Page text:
Journalists who want to express their political views on social media, engage in activism and ally themselves with social justice protesters value truth as much as journalists who seek to maintain a neutral, dispassionate approach to the profession.
That’s one conclusion from our new study of 167 journalists that included professional reporters and editors at a variety of outlets as well as student journalists and journalism professors.
Many outlets, including Poynter, have written about the firing of staffers for social media posts, newsroom protests over insensitive headlines and the evolution of journalism ethics codes to allow journalists to publicly support certain causes. Taken together, these developments make it clear that the number of journalists who reject the traditional journalistic mindset is growing and beginning to alter the boundaries of the profession.
What is less clear is what this newer breed of journalists value, which tenets of journalism they see as unnecessary or even harmful and which they see as essential. Our study, presented at the Association for Education in Journalism and Mass Communication annual conference in August, sought to define the mindsets journalists bring to their work and to identify the commonalities and differences between them.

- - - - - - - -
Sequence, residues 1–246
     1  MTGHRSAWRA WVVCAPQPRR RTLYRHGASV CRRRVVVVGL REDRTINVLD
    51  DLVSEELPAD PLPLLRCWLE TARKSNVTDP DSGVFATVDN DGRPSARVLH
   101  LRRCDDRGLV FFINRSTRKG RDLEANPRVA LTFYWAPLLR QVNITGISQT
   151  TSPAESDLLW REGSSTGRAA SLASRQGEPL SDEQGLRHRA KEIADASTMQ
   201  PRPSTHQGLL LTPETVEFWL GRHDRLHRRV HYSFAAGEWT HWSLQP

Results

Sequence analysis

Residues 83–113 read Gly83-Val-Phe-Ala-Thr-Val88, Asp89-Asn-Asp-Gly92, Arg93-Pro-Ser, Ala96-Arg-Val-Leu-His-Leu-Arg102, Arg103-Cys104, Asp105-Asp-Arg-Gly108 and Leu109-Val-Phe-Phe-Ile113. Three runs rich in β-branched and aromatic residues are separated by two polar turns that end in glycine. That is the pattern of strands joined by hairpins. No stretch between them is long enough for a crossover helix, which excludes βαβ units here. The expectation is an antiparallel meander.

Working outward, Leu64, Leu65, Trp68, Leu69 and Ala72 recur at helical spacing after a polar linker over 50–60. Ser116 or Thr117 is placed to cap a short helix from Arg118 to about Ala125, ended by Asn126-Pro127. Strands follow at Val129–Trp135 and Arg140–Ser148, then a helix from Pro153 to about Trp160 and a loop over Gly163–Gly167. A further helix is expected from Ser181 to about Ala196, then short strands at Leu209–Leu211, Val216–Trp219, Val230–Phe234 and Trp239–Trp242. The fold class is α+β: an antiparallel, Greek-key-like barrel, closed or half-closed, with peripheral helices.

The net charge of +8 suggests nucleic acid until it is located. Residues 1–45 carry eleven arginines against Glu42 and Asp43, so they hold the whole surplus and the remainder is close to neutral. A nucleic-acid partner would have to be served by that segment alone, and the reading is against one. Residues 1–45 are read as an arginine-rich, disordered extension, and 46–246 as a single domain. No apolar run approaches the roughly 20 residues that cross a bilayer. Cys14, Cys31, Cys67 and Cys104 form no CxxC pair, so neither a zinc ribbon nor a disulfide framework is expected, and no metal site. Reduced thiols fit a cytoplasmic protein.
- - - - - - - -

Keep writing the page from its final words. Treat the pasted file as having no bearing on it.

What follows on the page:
Two distinct mindsets emerged: A traditionalist group that favors neutrality and a second group that shows more concern for the impact of journalism on their sources and desires more engagement in political discourse.
The traditionalists said journalists should not be activists, but the second group supported the statement that journalists are citizens first and should be free to sign petitions, protest and join political parties. Members of this group want to be agents of change and protectors of citizens, especially those in marginalized groups.
“I think that journalists have the right to vote and partake in protests that they think are just, as long as they are not letting their emotions and actions interfere with their work,’’ a student journalist said.
Another journalism student would likely agree with NPR’s new policy, which allows its journalists to support causes such as “the freedom and dignity of human beings,” a free press and the right to “thrive in society without facing discrimination” on the basis of race, ethnicity, gender, sexual identity, disability or religion.
“I don’t think you can be objective with the Black Lives Matter movement, and it’s simply because it’s a movement of talking about the rights of humans,” the student told us.
Speaking out on social media, too
Like many news outlets, NPR still prohibits its journalists from contributing to political candidates and putting bumper stickers on their cars or political signs in their yards. It also still bars them from sharing their political views online.
The public may agree. Ben Smith, The New York Times’ media columnist, reported in January that most of 3,400 Americans polled agreed that journalists should keep their political opinions private.